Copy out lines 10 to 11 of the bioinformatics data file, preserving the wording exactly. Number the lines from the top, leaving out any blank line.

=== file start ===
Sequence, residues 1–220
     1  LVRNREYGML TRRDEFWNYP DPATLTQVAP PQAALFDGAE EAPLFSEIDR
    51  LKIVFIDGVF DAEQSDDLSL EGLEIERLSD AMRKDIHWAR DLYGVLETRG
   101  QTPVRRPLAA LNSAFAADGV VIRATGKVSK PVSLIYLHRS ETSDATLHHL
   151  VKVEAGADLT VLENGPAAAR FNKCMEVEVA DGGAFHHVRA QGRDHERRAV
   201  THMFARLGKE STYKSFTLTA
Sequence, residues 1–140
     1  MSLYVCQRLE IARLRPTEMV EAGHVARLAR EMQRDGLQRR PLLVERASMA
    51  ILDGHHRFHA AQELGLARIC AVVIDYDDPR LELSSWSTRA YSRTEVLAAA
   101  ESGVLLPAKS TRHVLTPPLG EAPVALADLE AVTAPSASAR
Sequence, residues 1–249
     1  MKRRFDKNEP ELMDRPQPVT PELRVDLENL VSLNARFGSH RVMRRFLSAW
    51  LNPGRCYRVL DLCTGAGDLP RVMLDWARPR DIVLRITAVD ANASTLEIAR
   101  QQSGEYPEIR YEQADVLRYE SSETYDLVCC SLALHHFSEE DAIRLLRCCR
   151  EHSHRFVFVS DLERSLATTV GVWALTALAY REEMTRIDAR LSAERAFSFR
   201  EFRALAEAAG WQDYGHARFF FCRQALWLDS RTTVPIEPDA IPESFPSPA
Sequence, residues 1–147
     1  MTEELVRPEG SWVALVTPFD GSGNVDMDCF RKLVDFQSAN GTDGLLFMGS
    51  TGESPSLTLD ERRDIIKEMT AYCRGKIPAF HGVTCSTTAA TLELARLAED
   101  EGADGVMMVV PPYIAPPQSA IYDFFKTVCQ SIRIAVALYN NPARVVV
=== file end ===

   101  ESGVLLPAKS TRHVLTPPLG EAPVALADLE AVTAPSASAR
Sequence, residues 1–249